perspiration skin body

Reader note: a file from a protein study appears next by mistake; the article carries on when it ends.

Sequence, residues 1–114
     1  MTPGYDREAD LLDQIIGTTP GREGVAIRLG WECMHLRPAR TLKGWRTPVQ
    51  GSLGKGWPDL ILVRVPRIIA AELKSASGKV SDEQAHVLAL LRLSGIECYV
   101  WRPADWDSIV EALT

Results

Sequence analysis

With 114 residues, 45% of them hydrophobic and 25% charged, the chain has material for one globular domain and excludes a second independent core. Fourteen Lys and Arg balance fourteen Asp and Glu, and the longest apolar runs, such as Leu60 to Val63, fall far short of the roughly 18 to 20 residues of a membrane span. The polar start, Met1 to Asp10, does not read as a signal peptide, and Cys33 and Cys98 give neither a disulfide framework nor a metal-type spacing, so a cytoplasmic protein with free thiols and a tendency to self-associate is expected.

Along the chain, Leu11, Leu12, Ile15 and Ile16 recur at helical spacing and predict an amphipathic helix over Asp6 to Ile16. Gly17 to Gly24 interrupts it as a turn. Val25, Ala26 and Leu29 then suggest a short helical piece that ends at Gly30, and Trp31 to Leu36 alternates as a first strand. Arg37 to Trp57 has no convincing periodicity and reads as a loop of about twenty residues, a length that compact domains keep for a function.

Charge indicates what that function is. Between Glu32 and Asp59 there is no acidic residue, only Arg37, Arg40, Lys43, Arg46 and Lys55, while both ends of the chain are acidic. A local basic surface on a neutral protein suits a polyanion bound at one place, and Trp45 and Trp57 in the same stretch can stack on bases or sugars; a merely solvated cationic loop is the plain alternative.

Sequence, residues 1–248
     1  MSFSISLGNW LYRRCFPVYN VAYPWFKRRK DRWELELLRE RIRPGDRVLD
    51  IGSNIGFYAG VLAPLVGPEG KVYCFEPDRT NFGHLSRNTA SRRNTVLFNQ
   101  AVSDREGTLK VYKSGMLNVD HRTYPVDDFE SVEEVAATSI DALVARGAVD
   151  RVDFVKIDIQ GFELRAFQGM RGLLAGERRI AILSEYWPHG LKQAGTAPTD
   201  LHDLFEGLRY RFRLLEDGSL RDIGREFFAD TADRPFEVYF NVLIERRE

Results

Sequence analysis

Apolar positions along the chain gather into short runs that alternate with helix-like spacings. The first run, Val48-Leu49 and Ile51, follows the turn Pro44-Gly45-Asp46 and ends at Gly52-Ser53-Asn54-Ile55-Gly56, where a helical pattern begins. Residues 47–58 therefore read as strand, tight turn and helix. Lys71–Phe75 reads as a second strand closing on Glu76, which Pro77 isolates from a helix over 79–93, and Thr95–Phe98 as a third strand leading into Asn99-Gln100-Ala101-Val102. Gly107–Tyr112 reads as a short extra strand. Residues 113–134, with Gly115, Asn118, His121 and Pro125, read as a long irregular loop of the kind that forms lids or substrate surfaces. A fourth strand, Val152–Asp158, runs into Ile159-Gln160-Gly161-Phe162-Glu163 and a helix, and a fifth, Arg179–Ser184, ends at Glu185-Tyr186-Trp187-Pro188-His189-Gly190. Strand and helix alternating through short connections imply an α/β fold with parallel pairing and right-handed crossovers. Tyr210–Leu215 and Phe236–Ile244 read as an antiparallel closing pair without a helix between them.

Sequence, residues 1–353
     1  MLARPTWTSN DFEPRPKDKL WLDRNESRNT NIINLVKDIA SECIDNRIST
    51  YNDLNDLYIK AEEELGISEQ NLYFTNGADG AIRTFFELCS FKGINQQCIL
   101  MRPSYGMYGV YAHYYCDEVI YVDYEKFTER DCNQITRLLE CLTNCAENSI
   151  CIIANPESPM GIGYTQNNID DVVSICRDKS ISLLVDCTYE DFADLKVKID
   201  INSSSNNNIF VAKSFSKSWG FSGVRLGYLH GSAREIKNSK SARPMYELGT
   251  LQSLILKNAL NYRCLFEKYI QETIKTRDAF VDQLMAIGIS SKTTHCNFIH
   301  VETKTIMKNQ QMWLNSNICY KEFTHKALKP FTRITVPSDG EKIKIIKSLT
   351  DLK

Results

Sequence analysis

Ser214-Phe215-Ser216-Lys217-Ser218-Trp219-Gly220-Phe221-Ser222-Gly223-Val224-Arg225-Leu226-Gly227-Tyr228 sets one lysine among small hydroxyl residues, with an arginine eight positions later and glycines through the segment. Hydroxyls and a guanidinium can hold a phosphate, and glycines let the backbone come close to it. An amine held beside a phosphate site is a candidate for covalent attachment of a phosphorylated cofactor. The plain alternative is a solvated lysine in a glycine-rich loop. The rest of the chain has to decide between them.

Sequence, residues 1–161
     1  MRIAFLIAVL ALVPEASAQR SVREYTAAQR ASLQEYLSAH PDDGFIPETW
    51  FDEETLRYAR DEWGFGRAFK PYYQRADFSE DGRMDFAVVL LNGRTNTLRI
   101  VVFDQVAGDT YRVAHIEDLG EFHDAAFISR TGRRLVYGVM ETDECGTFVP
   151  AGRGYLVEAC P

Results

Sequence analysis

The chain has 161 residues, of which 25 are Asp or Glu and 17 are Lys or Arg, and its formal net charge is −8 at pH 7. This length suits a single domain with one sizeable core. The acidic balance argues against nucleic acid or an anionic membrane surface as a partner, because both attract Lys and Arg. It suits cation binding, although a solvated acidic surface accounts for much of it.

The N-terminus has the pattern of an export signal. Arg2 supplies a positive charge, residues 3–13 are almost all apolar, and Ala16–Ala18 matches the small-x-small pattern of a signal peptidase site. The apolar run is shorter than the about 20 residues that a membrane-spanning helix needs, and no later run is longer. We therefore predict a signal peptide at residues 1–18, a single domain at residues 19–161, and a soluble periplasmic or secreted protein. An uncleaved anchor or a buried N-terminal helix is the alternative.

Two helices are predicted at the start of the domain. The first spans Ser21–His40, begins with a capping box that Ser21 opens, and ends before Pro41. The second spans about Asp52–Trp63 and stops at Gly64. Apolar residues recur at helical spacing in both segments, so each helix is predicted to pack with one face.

DIAPHORETICS (from 8cay6opmo, to carry through), such remedies as promote perspiration. In health there is constantly taking place an exhalation of watery vapour from the skin, by which not only are many of the effete products of nutrition eliminated, but the body is kept cool. Under exertion or in a heated atmosphere this natural function of the skin is increased, sweating more or less profuse follows, and, evaporation going on rapidly over the whole surface, little or no rise in the temperature of the body takes place. In many forms of disease, such as fevers and inflammatory affections, the action of the skin is arrested, and the surface of the body feels harsh and dry, while the temperature is greatly elevated. The occurrence of perspiration not 'infrequently marks a crisis in such diseases, and is in general regarded as a favourable event. In some chronic diseases, such as diabetes and some cases of Bright's disease, the absence of perspiration is a marked feature; while, on the other hand, in many wasting diseases, such as phthisis, the action of the skin is increased, and copious exhausting sweating occurs. Many means can be used to induce perspiration, among the best known being baths, either in the form of hot vapour or hot water baths, or in that part of the process of time Turkish bath which consists in exposing the body to a dry and hot atmosphere. Such measures, particularly if followed by the drinking of hot liquids and the wrapping of the body in warm clothing, seldom fail to excite copious perspiration. Numerous medicinal substances have a similar effect, although the modus operandi appears to differ in the case of several of them. Thus antimony and ipecacuan appear to produce their diaphore.tic action by their nauseating and depressing or relaxing effects ; while others seem to act as direct stimulants to the function of the sudoriparous glands of the skin, such as the well-known diaphoretics - Mindererus spirit (acetate of ammonia), guaiacum, nitrous ether, and the recently intro-duced drug, jaborandi. Opium acts powerfully as a, diaphoretic, especially when in combination with ipecacuan, as in Dover's powder, or with antimony ; and alcohol has similar properties. Diaphoretics are of great service in many diseases. When employed at the commencement of a catarrh or common cold they frequently check- it, and thus prevent the evils which are so apt to follow this affec-tion. In acute dropsy due to kidney disease, such as that which sometimes results from scarlet fever, the hot air or hot water bath is a valuable remedy, and even in dropsical accumulations of long standing, when diaphoresis can be induced, marked improvement in the symptoms generally follows. In certain circumstances, however, diaphoretics, particularly in the form of baths, may be unsafe, especially where there is any affection of the heart or lungs attended with embarrassed respiration ; and in general in diseases where diaphoretics seem to be indicated, the physician is required to take into account the patient's whole condition in his selection of any one remedy for this purpose.